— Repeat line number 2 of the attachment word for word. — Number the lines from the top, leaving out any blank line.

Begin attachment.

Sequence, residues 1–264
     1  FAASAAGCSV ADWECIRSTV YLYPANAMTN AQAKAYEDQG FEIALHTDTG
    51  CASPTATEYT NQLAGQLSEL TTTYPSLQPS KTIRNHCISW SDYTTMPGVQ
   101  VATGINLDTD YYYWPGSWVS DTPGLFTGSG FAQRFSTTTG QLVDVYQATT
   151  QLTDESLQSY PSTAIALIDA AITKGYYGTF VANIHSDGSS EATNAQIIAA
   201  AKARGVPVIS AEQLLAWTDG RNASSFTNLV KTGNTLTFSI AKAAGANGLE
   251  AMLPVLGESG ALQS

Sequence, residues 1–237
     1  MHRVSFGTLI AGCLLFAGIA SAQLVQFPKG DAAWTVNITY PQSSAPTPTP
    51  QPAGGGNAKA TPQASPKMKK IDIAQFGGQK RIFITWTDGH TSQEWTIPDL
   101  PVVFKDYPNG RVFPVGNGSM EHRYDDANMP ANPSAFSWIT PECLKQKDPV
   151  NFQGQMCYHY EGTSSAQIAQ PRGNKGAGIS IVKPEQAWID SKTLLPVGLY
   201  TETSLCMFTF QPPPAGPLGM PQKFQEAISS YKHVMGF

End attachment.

     1  FAASAAGCSV ADWECIRSTV YLYPANAMTN AQAKAYEDQG FEIALHTDTG